It started with a feeling.

It led to a word.


It led me to look for a beautiful book, The Lost Words.

I couldn’t remember where I put it.

I looked everywhere.

It’s lost.

Ah. A theme.

Maybe it’s the dreary January dusk, or the drizzle, or Monday.

Maybe it’s the news. Lost lives.

Maybe it’s growing older and being reminded of things I loved long ago, like koalas, because of a book my grandmother read to me, and wondering how many koalas are left in Australia now. Wondering if there are enough eucalyptus trees left in that charred landscape to keep them alive.

Maybe it’s everything.

So much is lost.

I am not lost.

Just caught in layers of lost, like being wrapped round and round with invisible tulle.

It’s there.

I feel it.


That’s what sent me searching for The Lost Words as reading it suited my mood. The book is a glorious creation based on words that are disappearing from the dictionary. Words about the natural world that children don’t know anymore. Lyrical verse, majestic illustrations, making something beautiful of something lost . . . it was calling me to reread it. The very thing I needed.

But I can’t find it or remember where I last left it.

It’s really lost.

Naturally that beckoned lost associations. Lost people, lost friends, lost dogs, lost moments, lost time, lost things. Lost opportunities. Lost relationships, lost trust. Lost vision, especially in the educational world of late. Lost sense, lost direction. Lost ideas that I didn’t write down (although I am better about it now than I used to be). Lost dreams, so vivid and clear — what great stories they would make! — disintegrating as I wake, alas. I can’t seem to hold onto the dream and wake up; too often I am left with odd fragments.

But even in my tulle-swathed, piece-y malaise, never lost hope. No, not that. Never lost faith. Never lost love, because, if it’s love, it’s there forever.

I lost interest in reading tonight. So, I write.

Never lost words, not for me. Not yet. They find me, somehow.

And tomorrow I’ll find that book.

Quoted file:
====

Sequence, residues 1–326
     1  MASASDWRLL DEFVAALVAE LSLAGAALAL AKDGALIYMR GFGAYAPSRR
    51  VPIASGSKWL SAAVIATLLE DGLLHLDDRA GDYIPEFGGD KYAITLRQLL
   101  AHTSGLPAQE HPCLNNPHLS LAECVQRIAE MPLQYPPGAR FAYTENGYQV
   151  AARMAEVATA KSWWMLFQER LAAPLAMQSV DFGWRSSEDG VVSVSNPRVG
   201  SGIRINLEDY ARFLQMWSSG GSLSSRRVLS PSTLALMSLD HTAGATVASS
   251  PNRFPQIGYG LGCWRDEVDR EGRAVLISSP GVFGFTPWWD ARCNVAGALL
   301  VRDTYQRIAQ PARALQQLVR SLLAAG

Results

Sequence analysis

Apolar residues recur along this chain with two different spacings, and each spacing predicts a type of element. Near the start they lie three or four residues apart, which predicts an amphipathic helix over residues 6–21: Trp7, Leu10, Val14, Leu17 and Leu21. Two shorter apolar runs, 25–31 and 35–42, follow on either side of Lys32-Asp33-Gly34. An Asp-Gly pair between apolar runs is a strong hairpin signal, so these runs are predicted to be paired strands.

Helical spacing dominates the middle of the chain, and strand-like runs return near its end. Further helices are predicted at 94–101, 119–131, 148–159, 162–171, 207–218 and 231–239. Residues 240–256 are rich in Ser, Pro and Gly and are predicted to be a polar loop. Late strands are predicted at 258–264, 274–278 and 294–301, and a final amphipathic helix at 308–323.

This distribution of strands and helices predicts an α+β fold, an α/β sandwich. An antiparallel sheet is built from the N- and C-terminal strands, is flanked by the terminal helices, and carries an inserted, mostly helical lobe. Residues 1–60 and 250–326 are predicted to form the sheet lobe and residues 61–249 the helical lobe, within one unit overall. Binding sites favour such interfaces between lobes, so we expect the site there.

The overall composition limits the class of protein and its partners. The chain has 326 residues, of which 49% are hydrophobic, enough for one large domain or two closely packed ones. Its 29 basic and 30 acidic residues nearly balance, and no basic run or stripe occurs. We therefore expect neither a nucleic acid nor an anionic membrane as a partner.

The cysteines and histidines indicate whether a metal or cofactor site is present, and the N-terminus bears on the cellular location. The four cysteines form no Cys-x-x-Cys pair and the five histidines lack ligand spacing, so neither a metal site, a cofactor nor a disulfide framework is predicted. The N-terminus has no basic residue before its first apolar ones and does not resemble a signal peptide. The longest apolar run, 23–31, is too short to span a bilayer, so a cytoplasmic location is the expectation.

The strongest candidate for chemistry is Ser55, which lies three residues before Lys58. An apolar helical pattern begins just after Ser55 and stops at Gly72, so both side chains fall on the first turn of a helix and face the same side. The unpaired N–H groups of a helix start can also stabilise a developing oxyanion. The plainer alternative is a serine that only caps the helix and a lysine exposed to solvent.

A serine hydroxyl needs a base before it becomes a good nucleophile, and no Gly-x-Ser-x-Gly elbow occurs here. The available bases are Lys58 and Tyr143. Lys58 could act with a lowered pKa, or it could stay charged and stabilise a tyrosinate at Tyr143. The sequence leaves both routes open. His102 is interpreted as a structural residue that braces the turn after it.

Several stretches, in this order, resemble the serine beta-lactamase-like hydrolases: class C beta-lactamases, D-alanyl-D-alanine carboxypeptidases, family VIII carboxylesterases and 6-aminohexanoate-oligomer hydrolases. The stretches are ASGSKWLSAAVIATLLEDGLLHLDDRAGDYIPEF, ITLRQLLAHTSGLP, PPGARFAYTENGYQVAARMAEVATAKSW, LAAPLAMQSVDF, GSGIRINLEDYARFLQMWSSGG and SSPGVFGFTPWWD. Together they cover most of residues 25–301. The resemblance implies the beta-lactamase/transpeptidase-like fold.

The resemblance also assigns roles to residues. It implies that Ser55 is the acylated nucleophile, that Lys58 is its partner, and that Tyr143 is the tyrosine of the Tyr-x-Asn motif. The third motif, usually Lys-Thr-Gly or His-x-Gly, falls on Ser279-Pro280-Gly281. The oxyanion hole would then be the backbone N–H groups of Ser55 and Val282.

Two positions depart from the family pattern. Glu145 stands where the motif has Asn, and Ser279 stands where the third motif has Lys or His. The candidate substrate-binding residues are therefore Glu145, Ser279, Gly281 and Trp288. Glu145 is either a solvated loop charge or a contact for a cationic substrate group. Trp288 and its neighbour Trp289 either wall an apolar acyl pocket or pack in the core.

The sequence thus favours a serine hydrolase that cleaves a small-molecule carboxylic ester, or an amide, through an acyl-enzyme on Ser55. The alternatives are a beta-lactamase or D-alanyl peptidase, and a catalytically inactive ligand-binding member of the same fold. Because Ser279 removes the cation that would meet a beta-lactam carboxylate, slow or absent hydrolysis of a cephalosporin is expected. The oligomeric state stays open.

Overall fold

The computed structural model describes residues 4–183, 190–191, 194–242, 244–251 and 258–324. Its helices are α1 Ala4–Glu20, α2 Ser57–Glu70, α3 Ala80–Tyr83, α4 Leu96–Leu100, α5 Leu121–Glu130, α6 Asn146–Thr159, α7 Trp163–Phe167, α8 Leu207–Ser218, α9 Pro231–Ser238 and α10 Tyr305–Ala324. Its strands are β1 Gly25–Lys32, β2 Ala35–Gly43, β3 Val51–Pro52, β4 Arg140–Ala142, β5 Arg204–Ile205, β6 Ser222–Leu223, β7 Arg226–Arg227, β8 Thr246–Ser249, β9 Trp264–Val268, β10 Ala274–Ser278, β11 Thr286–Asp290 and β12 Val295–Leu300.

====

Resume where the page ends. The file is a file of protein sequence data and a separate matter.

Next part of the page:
Photo: Lost. gwenole camus. CC BY-SA

14 thoughts on “Lost

  1. In my house full of books, I’ve shared that pain of looking for a particular tome and not finding it! Your sense of loss-but-not-lost really hit home for me, as these past few months have been filled with the loss of loved ones of friends all around me, while my family remains intact at the moment.
    I’m glad the words found you today. Will you be participating in the SOL challenge this year? I was on the fence, but Claire Landrigan’s post today convinced me to give it another go.

    Liked by 2 people

    • Funny how we crave a book for its particular “flavor” or for the shot only that book can give… I had almost decided to NOT participate in the March challenge, although it has grown me as a writer and immersed me in this invaluable network of writer-friends. I pour myself into each post and pore over it to make it as good as I can before I let it go… so I sacrifice sleep, activities, lots of things to do it. It’s incredibly fulfilling but knowing that I need and want to push far beyond my blog this year gives me pause; how can I do ALL of this writing? I’ve even wondered if I should just take a sabbatical from the blog to do other writing… now, however, I am, like you, reconsidering! Thank you, Chris. Your words are always full of good guidance.

      Liked by 2 people

  2. I have The Lost Words beside my desk and it is a reminder of the beauty; your post is so full of beauty and my heart squeezed a bit when half-way through I realized the larger loss the world feels. And then you bring it back to never losing despite the loss – absolutely brilliant writing and an important message. Thank you, Fran.

    Liked by 2 people

  3. I loved this line, “But even in my tulle-swathed, piece-y malaise, never lost hope,” and all of the images the words invoked in my head. Your writing always has a way of cocooning us in the beauty of language. I’m so glad you wrote, even though you didn’t read!

    Liked by 2 people

    • Thank you for these words, Stacey. I am glad I wrote when I didn’t feel like writing at all. I really only wanted the “salve” of that book. If it hadn’t been lost … would I have written? Sometimes we must write not to save, but to salve, ourselves. Grateful to know those lines touched you.


  4. Fran, your words, “Just caught in layers of lost, like being wrapped round and round with invisible tulle,” are so genuine and beautiful. Sometimes writing is pure joy that fills all our spaces and wraps us tightly. The intensity of the experience pushes us to polish the apple before letting it go. I feel that but you stated it in your comment so that it is a real thought. May you find peace with your decision to engage in the March Slice of Life Challenge.

    Liked by 1 person

  5. I have not lost Lost Words. A friend loaned it to me, and so it’s in my living room waiting. Waiting to be shared. I could do a rambling word gathering with waiting. I am trying to do #100daysofnotebooking with my students and wouldn’t that book be a great prompter? Thanks for the reminder that it’s waiting.
    Waiting to be found.
    Waiting to be shared.
    Waiting to be loved.

    Liked by 1 person

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